Another concern for the Justices in Roe is that anti-abortion laws drove desperate women into having dangerous illegal abortions. This too is a weak argument to legalize the activity. First, Hull and Hofer say that states with broader abortion laws did not see a big increase in abortions meaning these circumstances were rare. Secondly, the same analogy can be made for other crimes, such as drug laws. Don’t drug laws force users (victims) to buy from dangerous dealers or drug lords? Don’t prostitution laws force women to find protection from dangerous criminals? Don’t immigration laws force immigrants to find protection from dangerous criminals to earn passage to the United States. It is the nature of crime, it is dangerous. And since abortion at the time was a crime, it was a dangerous activity.

The Court invented a trimester system to compromise over the issue of abortion in Roe v. Wade (it is not in the Constitution; the Court was essentially legislating). In the first trimester, a woman could essentially get an abortion on demand. During the third trimester of a pregnancy the state could regulate abortion as it sees fit to protect the life of the fetus. The second trimester of the pregnancy could be regulated as the state sees fit (depending on when the state determines a fetus becomes viable): Before viability abortion was acceptable and after viability regulation and restrictions could be put in place. I have tried but cannot name a single Fundamental Right or action that is legal in its infancy but illegal in maturity. What can be treated as both cancer and a precious blessing? A fetus! It makes little sense that a common group of cells can act in two mutually exclusive ways that are polar opposites from each other. In its infancy mass genocide is welcome and in maturity nurturing and love are required.

Saturday, August 11, 2018

Roe v. Wade: Further Proof (Part I)

I have written a great deal about Roe v. Wade, but I have found further evidence as to why it was a bad decision that I have yet to cover in any detail. First and foremost, the Fourteenth Amendment and the Ninth Amendment used by the majority’s Roe v. Wade opinion refers to “people” and does not distinguish between men and women. However, Roe v. Wade does distinguish between the sexes. The Constitution knows no genders, races, socio-economic status, or religions.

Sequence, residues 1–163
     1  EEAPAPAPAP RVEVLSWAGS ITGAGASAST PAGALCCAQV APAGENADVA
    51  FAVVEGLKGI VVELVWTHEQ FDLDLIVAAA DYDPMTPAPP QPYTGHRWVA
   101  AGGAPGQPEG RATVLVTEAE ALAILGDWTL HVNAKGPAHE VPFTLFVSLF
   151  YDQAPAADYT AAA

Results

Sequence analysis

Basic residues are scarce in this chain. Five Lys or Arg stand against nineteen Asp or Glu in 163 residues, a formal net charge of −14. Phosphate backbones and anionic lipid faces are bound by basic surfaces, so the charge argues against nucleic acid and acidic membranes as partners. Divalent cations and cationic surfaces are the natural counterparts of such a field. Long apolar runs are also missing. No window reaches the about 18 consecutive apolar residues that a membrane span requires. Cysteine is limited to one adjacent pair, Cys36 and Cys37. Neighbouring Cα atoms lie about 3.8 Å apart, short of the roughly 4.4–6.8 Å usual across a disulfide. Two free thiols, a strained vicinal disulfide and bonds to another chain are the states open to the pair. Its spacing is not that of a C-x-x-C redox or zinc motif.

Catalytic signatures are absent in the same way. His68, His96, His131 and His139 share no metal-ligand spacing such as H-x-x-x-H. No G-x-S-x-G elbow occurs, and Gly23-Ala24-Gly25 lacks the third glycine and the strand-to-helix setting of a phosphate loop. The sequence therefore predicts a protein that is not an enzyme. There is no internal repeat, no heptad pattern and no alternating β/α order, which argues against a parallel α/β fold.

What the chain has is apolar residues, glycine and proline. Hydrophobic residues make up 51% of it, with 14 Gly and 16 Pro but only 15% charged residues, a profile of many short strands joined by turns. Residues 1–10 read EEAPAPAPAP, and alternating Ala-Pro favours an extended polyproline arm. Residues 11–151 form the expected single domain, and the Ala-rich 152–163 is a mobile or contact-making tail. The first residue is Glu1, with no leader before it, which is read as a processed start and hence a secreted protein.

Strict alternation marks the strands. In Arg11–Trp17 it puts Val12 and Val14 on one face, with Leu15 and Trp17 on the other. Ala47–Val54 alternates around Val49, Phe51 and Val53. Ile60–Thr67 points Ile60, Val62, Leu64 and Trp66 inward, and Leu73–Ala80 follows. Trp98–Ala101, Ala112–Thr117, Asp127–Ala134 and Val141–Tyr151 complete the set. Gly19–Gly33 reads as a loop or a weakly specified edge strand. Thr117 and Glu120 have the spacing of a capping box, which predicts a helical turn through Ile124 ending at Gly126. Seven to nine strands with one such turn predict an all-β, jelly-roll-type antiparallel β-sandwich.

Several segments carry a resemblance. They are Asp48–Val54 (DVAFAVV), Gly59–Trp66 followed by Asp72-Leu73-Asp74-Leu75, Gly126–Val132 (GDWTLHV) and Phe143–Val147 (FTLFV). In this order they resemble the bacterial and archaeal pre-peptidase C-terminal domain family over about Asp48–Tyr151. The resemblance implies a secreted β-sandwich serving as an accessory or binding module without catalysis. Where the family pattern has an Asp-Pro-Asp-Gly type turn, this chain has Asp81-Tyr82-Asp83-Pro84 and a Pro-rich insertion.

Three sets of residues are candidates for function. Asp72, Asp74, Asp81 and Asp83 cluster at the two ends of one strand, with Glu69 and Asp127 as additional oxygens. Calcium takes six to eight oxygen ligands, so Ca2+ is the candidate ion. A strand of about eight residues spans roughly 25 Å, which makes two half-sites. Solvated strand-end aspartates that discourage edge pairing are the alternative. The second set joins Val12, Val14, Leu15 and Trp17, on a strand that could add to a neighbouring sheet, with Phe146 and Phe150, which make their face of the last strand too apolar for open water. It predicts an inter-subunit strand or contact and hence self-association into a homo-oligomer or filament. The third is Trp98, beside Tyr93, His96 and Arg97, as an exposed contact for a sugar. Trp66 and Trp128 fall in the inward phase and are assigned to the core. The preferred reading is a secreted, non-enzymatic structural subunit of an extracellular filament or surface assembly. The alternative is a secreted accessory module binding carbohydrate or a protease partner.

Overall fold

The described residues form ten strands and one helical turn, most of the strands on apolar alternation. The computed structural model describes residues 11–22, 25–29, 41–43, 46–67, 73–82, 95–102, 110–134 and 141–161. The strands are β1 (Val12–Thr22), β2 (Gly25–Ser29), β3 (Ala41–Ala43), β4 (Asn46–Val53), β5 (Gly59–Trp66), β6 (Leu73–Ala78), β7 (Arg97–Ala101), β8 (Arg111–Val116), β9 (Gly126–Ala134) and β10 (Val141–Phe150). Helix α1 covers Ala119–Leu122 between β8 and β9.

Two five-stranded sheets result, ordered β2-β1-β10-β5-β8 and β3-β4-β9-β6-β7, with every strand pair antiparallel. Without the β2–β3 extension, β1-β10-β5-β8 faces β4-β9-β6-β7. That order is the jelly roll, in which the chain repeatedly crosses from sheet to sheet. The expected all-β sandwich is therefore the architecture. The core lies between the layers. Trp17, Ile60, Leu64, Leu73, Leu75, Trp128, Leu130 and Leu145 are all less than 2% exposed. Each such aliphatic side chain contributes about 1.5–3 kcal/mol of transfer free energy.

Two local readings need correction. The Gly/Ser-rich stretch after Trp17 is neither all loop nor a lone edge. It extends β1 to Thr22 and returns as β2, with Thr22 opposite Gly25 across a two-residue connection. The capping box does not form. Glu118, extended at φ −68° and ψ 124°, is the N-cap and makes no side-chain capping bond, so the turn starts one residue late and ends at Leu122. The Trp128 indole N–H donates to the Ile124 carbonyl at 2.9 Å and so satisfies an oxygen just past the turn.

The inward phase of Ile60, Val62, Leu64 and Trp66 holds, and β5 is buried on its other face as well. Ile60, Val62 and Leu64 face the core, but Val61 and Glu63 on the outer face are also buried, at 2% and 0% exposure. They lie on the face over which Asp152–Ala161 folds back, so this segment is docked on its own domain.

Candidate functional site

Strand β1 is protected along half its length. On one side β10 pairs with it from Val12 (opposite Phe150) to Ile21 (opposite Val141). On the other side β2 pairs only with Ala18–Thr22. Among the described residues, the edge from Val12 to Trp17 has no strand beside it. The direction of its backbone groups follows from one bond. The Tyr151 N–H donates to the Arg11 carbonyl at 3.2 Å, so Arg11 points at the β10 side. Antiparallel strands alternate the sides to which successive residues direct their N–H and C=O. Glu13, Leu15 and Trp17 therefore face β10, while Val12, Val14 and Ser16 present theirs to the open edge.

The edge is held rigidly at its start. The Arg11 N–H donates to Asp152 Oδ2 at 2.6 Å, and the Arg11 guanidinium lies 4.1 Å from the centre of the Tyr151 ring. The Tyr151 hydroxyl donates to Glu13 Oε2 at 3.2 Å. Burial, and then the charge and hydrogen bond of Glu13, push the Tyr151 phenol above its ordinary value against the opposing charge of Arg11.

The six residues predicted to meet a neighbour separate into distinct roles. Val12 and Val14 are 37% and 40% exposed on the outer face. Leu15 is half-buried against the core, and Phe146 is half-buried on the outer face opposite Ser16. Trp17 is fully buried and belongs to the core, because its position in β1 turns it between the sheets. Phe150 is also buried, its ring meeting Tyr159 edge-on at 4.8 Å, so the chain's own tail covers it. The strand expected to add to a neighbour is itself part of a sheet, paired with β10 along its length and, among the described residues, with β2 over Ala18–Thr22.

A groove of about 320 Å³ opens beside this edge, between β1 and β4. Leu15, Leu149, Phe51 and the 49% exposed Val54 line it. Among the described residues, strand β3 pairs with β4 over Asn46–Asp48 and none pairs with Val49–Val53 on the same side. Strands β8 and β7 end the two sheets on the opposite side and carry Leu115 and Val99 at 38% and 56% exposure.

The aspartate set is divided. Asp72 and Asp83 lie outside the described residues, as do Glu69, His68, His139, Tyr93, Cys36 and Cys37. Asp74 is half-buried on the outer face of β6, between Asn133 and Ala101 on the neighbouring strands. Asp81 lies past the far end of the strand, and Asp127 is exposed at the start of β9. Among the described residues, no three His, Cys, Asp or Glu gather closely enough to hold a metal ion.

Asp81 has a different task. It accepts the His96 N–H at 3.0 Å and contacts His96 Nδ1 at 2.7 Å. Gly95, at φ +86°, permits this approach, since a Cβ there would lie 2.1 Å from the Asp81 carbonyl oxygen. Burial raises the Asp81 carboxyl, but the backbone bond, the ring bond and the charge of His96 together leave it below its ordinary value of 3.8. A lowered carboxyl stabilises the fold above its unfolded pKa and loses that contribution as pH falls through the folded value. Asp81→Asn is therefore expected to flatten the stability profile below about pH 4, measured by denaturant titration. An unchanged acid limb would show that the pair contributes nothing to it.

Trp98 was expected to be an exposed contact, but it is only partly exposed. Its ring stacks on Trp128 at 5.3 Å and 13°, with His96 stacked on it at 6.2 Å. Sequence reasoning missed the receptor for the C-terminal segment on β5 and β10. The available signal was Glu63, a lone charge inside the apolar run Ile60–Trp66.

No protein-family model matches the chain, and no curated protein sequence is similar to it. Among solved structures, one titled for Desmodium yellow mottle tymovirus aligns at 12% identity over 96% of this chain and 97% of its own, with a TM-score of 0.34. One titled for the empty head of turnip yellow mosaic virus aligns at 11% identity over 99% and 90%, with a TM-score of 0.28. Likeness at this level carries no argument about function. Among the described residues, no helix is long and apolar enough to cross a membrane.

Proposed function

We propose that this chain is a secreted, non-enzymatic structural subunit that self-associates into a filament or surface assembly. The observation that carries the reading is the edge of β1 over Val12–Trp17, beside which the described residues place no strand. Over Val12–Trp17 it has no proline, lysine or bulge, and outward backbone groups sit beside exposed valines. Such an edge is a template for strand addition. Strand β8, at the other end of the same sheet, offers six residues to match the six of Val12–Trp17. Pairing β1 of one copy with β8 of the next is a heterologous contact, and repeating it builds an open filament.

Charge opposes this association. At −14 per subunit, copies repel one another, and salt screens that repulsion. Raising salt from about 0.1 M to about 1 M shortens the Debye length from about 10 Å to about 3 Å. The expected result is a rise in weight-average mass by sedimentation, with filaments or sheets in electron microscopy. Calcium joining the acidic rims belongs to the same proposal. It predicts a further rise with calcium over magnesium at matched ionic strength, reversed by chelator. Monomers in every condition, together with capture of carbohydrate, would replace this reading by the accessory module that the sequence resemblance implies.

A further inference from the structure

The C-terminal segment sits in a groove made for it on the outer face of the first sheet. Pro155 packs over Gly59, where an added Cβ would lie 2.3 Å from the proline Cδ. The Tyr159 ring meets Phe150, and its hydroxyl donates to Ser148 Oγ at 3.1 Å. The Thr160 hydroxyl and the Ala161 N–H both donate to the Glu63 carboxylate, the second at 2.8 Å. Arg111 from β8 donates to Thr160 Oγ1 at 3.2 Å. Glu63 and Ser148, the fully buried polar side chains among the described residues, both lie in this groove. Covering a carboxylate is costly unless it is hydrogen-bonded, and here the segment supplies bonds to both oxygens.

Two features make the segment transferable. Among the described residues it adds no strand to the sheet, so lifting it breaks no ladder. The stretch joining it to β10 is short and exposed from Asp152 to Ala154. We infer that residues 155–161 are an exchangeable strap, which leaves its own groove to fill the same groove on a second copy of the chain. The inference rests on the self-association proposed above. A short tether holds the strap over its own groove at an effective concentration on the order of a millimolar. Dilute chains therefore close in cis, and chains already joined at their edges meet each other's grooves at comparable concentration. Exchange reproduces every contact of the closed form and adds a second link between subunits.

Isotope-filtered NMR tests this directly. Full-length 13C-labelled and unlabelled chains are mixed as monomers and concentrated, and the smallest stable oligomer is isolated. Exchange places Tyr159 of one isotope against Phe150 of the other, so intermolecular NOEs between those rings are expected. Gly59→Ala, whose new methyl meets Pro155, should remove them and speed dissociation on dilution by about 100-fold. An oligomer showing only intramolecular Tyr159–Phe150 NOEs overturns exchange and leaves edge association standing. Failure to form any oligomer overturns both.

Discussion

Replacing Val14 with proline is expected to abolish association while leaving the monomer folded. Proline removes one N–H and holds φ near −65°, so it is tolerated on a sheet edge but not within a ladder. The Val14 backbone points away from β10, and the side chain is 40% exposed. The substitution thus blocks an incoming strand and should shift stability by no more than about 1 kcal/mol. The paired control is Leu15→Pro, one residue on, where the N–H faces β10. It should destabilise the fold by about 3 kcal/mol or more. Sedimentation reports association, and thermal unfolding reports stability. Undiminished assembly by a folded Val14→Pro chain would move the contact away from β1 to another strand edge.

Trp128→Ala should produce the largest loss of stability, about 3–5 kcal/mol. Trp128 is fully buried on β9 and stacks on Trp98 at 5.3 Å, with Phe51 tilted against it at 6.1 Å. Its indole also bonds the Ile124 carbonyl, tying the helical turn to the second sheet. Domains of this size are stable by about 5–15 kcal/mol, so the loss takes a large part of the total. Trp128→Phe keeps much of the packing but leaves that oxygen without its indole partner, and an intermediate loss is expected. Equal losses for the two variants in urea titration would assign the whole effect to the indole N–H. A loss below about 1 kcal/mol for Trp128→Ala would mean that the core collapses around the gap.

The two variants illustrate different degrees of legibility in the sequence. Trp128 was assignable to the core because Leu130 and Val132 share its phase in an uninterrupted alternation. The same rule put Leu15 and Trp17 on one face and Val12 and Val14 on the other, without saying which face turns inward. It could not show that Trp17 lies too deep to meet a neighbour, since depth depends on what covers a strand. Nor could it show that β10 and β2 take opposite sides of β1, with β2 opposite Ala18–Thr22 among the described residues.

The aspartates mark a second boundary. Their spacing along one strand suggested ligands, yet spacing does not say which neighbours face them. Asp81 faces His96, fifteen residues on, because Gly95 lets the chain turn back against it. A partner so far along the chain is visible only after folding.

If Fundamental Rights come first and then government and laws follow, how can abortion be Fundamental? Laws do not make rights Fundamental, they already exist. Laws may protect Fundamental Rights, but they do not create them. Moreover, no Fundamental Right is controversial like abortion. Fundamental Rights are agreed to by all. Fundamental rights don’t have unlimited restrictions and regulations like abortion. Fundamental Rights are deep-rooted in American history and tradition. In a 1989 case before the Court it was argued that abortion was deep-rooted in American society since one-third of all pregnancies ended in abortion. Abortion was the most common elective surgery so it was argued it must be deep-rooted in American society. But all controversial issues are deep-rooted in American society and history however, for something to be an American tradition like marriage, to obtain knowledge, to procreate, and so forth it has to be 100% supported by the public. By this logic we can argue that cosmetic surgery is a Fundamental Rights because it has become deep-rooted in American society. There is only one Fundamental Right that causes as much chaos as abortion and that is gun ownership. But unlike abortion which has been taboo in American history, guns have been a deep-rooted tradition. Besides, the exact Fundamental Right is not gun ownership by itself, but gun ownership for self-defense. Everyone has a Fundamental Right to defend themselves and that is 100% agreed upon by all. Furthermore, if a state can routinely and legally intervene to regulate a supposed Fundamental Right, then there is no deep-rooted tradition of freedom.

In 2006, John Finn defined a political question as “The political question doctrine holds that some questions, in their nature, are fundamentally political, and not legal, and if a question is fundamentally political … then the court will refuse to hear that case. It will claim it doesn’t have jurisdiction. And it will leave the question to some other aspect of the political process to settle out.” Without question abortion was and is a political and not a judicial question and the Court should have addressed it as such. The Warren Court, however, ruled on political questions such as in Baker v. Carr the famous “One person, one vote” case. Cases like this may have opened the door for the Court to opine where it should not have. Another reason the Court should not have ruled on the case is because there was no controversy. Jane Roe was no longer pregnant and therefore the case was moot. There was not any “justifiable federal issue” at stake per the Constitution. Since Roe v. Wade was a political issue, the briefs for both sides of the argument consisted of very little law and a whole lot of Brandies Briefs covering “medical fact” about abortion and fetal development. This is proof Roe was not a judicial issue, but a political issue.

I had written in the past about how the early women’s rights movement for contraception and abortion was radical because feminists favored these policies mostly for population control. What’s worse, feminists also supported eugenics and the idea of ridding the world of “undesirable” people with “bad genes”. Radical feminist supported contraception, abortion, and even sterilization as a means to weed out the weak, diseased, criminal, the poor, deformed, mentally ill, and other so called “undesirable” persons. These original “feminist” or feminist supporters had something else in common: they were also socialists and or anarchists. In other words, their ideas were radical not just in support of the feminist movement, but also in economics and politics. Feminist classified most people as “undesirable” when in fact by today’s standard for morals and ethics they would be the “undesirables” in American culture.